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Mark43 Raises $101M to Expand Police Tech Products

Even amid calls to "defund the police," agencies are buying new technology, boosting efficiency and enabling new types of reporting. Mark43 aims to be a major global player in this industry.

Mark 43 product shot
Mark43
Mark43, an eight-year-old company that sells subscription software to law enforcement agencies around the world, has raised $101 million in a Series E funding round. The new capital is the latest in a series of big investments in government technology firms in recent months.

The New York City-based firm will use the funds to develop more cloud-based products and expand internationally — including opening an office in the United Kingdom in a drive to gain more business there as local law enforcement agencies replace or augment their legacy tech systems, said Mark43 CEO and co-founder Scott Crouch.

To date, the company has raised $257 million.

This latest funding round was led by The Spruce House Partnership and Tiger Global Management. The Radcliff Companies, as well as former Australian Prime Minister Malcolm Turnbull and former Lord Mayor of Sydney Lucy Turnbull — Malcolm’s wife — also participated in the round. Their participation reflects the use of Mark43 technology by the New South Wales Police Force, which is headquartered in Sydney and employs about 18,000.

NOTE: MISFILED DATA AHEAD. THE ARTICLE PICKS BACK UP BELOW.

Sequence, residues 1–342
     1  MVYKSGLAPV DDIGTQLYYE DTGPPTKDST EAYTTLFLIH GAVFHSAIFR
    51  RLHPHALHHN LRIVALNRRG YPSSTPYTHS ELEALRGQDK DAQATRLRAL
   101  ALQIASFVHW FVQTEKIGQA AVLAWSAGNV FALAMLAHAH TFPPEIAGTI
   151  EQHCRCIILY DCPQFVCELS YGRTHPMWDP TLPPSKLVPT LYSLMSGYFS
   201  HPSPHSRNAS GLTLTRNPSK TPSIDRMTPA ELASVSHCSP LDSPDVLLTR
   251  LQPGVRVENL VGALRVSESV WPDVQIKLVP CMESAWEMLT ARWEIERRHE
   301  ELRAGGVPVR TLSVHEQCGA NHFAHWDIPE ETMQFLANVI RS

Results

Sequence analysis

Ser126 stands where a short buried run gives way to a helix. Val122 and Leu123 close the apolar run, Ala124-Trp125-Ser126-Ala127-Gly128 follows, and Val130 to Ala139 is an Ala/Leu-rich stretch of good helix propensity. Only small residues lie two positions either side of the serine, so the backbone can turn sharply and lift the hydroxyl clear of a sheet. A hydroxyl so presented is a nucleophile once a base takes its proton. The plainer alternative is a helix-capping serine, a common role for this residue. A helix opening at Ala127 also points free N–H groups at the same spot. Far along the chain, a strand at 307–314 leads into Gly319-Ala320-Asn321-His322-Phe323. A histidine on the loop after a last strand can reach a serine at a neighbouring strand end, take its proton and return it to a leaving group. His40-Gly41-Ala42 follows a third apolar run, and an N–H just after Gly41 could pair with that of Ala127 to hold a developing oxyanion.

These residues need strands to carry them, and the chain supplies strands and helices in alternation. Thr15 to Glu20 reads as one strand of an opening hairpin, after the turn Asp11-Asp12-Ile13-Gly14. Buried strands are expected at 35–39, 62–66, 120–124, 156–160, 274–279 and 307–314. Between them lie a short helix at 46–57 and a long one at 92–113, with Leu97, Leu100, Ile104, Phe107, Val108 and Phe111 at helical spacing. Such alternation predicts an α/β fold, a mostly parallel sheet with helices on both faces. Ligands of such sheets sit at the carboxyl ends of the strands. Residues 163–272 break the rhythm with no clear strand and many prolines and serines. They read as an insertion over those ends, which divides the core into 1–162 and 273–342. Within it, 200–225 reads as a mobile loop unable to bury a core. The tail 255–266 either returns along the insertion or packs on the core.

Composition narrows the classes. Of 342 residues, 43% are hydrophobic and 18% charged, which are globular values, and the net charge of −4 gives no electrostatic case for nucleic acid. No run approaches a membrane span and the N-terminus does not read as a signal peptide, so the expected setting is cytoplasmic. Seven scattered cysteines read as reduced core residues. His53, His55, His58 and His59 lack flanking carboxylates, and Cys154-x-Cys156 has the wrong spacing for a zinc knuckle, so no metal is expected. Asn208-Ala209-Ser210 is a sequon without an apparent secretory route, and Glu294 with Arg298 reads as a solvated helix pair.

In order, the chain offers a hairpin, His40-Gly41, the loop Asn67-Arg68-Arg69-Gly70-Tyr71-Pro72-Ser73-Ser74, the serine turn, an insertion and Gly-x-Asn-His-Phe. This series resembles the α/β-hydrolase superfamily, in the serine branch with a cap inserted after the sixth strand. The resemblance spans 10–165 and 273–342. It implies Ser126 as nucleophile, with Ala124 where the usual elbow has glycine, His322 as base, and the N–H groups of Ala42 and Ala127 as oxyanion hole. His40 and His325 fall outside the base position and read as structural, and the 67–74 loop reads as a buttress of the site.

CRACKING THE MARKET


To Crouch, this newest funding round signals that Mark43 stands as an emerging global player when it comes to law enforcement technology, an area that includes the likes of IBM and other major companies.

"Government is hard to crack into for a startup,” he said. “Now we are branching out to Canada and the U.K. and deepening our investment in the United States.”

Mark43 has some 120 U.S. clients, up from about 60 two years ago, and provides technology to such major departments as Atlanta, Austin, San Antonio, Seattle and Washington, D.C. The SaaS software sold by Mark43 supports a variety of use cases.

Crouch pointed to a digital system for specialized behavioral crisis reports in Seattle as an example of a relatively recent deployment. In general, Mark43 aims to bring new efficiencies to departments — including smaller ones, some of which are offered discounts on the company’s record management software — as well as end-to-end workflow.

Law enforcement clients tend to pay their Mark43 subscription fees via operational budgets instead of grants or other revenue sources, Crouch said — a process that underscores how important such technology can be to the core mission of police agencies.


In fact, evidence points to increased spending for such software even amid pandemic spending cuts and the broad “defund the police” movement in the U.S. that calls for government to shift some of law enforcement's responsibilities to other agencies. According to a January report from market research firm Homeland Security Research, for instance, revenue for the general law enforcement software industry will grow at a compound annual growth rate of about 10 percent between 2019 and 2026.